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Astronomical observatories in India






Allahabad Observatory


suburb of Jhusi near Allahabad

    • Maintains the Indian Standard Time.
    • The observatory is located at 82.5°E longitude, which translates to an exact time difference of 5 hours and 30 minutes ahead of Coordinated Universal Time (UTC) i.e. UTC+05:30.

Colaba Observatory

1826 by the East India Company


Island of Colaba, Mumbai

Astronomical, timekeeping, geomagnetic and meteorological observatory.



2,450m (8,040 ft.)

Nainital, Western Himalaya, Uttarakhand

    • Currently, a 130-cm optical telescope is working at the site.
    • The sites are managed by the Aryabhatta Research Institute of Observational Sciences (ARIES), Nainital.

Gauribidanur Radio Observatory



Gauribidanur, Chikballapur, Karnataka.

    • Radio telescope observatory.
    • Operated jointly by Raman Research Institute and the Indian Institute of Astrophysics.

Giant Metre-wave Radio Telescope (GMRT)




    • Operated by the National Centre for Radio Astrophysics, a part of the Tata Institute of Fundamental Research, Mumbai.
    • To search for the highly redshifted 21-cm line radiation from primordial neutral hydrogen clouds in order to determine the epoch of galaxy formation in the universe.
    • Pulsar research is another major area for GMRT study.
    • At the time it was built, it was the world's largest interferometric array.

Girawali Observatory




    • Optical astronomy observatory
    • Operated by the Inter-University Centre for Astronomy and Astrophysics (IUCAA), Pune.

Indian Astronomical Observatory (IAO)


4,500 meters (14,764 ft.)

Hanle, J&K, India


  1. optical-infrared Himalayan Chandra Telescope (HCT) (Currently the second highest optical telescope in the world.)
  2. High Altitude Gamma Ray Telescope (HAGAR).

Operated by the Indian Institute of Astrophysics, Bangalore.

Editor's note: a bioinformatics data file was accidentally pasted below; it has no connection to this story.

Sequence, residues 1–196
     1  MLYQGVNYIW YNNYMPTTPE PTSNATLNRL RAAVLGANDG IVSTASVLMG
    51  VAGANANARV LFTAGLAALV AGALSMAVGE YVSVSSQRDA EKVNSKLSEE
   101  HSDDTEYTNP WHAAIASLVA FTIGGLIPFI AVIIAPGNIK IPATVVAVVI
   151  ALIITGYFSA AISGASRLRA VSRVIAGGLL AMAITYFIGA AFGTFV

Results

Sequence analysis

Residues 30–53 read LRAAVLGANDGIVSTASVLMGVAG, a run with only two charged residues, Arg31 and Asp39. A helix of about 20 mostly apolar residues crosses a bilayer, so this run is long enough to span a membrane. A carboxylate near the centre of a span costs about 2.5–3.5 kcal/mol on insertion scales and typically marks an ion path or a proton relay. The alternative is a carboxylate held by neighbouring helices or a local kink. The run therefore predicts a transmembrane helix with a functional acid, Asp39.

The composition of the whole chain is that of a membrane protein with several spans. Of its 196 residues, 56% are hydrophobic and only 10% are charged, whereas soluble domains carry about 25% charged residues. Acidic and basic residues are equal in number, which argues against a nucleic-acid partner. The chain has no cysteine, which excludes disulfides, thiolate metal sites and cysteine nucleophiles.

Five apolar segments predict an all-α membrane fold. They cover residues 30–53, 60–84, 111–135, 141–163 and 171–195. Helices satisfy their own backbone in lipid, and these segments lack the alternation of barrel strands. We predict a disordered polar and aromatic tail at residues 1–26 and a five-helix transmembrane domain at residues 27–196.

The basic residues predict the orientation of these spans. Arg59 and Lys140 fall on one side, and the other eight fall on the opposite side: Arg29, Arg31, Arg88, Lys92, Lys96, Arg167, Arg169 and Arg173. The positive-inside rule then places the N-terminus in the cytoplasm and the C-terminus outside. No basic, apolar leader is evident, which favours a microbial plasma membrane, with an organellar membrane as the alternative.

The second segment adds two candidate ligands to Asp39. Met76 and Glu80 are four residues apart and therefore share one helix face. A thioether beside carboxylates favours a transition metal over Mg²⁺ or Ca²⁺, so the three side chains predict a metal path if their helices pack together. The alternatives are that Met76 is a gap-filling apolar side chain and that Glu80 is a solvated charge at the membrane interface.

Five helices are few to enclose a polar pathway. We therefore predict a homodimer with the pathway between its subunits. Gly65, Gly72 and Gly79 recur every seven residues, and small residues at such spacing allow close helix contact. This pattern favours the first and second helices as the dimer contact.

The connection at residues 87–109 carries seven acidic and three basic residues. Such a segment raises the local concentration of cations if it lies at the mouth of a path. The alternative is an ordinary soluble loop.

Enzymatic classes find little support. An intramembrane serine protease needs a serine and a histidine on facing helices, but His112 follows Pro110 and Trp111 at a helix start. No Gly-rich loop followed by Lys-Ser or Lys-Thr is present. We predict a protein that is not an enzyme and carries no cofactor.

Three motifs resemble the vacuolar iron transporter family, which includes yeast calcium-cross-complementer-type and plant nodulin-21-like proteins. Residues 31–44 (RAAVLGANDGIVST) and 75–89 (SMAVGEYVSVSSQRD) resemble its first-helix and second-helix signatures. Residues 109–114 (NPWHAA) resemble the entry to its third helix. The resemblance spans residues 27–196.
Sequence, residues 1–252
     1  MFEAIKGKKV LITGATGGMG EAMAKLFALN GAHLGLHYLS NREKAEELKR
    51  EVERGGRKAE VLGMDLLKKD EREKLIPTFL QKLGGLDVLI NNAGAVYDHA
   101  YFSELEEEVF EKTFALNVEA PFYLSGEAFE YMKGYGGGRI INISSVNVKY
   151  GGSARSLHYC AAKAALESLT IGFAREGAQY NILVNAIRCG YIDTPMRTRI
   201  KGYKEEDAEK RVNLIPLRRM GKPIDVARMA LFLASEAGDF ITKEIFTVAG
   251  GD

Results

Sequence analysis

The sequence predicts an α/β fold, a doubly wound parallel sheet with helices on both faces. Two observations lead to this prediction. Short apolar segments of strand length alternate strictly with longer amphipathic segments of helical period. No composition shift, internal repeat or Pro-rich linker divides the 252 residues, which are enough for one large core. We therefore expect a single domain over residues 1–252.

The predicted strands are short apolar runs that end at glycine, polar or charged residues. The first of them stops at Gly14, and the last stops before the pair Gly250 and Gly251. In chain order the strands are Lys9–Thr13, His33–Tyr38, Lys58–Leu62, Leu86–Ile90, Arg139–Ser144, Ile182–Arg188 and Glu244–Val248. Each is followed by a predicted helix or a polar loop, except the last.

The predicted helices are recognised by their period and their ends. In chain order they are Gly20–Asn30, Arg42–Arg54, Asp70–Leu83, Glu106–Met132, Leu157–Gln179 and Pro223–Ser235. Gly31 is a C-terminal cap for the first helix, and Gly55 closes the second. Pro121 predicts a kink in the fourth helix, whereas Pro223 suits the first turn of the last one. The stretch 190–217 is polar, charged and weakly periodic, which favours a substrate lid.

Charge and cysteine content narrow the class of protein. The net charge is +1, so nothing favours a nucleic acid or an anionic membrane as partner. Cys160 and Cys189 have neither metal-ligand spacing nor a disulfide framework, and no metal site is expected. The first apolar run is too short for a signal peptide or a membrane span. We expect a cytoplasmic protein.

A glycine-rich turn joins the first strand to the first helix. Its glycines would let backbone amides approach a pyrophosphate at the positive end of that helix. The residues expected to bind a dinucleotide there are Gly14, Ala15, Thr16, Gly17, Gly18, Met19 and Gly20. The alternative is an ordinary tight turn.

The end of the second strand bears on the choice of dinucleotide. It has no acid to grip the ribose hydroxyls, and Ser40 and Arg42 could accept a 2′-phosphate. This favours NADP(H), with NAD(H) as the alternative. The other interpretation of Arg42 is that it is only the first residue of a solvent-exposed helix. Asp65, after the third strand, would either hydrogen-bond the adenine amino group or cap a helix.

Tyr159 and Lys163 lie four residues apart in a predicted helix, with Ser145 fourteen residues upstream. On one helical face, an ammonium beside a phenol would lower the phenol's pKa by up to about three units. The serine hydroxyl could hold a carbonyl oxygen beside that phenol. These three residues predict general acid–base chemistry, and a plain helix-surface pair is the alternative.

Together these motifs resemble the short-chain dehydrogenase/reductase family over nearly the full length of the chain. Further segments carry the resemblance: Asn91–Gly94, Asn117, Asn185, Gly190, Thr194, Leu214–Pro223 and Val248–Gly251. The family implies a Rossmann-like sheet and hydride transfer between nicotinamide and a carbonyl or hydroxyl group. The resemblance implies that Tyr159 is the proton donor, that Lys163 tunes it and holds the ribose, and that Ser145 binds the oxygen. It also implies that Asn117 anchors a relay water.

Kodaikanal Solar Observatory


2,343 meters (7,687 ft.

Palani Hills, Kodaikanal town, Dindigul district,

Tamil Nadu

Owned and operated by Indian Institute of Astrophysics.


  1.  ionosonde and geomagnetic facilities
  2.  solar tower with modern spectrograph(performed the first ever helioseismology investigations)

Madras Observatory

1786 by British East India Company



For over a century it was the only astronomical observatory in India that exclusively worked on the stars.

Major Atmospheric Cerenkov Experiment Telescope

Expected to be operational by 2016

4,500 m (14,800 ft.)

Hanle, Ladakh, India

    • When installed, the telescope will be the second-largest gamma ray telescope in the world.
    • It will enhance the understanding in the fields of astrophysics, fundamental physics, and particle acceleration mechanisms.
    • It is being built by Electronics Corporation of India, Hyderabad, for the Bhabha Atomic Research Centre.

Mount Abu Observatory


1680 metres

 Mount Abu, Rajasthan.

The 1.2 m Infrared Telescope at Mount Abu is the first major facility in India specifically designed for ground based infrared observations of celestial objects.

Ooty Radio Telescope


2240 m

Muthorai, near Ooty, Tamil Nadu, India

    • Provides the day-to-day changes of the solar wind speed and density turbulence in the inner heliosphere.
    • Pulsar Timing observations.
    • Spectral line observations.

Pachmarhi Telescope Array or

Pachmarhi Array of Cerenkov Telescopes (PACT)


1,075 m (3,527 ft.)

Pachmarhi in Madhya Pradesh

    • An array of 24 telescopes for gamma-ray astronomy.
    • It is operated by the Tata Institute of Fundamental Research.

Udaipur Solar Observatory(USO)



Udaipur, Rajasthan on an island in the Fateh Sagar Lake.

Solar observations, which include high-resolution solar chromosphere, magnetic field, velocity, and spectral observations, for studies pertaining to solar flares, mass ejections, and the evolution of solar active regions.

Vainu Bappu Observatory


700 m

(2,297 ft.)

Kavalur, Vellore, Tamil Nadu, India

    • Owned and operated by Indian Institute of Astrophysics.
    • Deep sky observations are carried out with this telescope using a variety of focal plane instruments.
    • The equatorially mounted horse-shoe-yoke structure of the telescope is ideally suited for low latitudes and permits easy observation near the north celestial pole.

Magnetic observatories have been running in India for more than 180 years. Three of the oldest observatories, namely Madras Observatory (1822–1881), Shimla Observatory (1841–1845), and Trivandrum Observatory (1841–1871) participated in the international collaboration venture involving simultaneous magnetic measurements at 50 observatories all over the globe organized by the Göttingen Magnetic Union 1836–1841.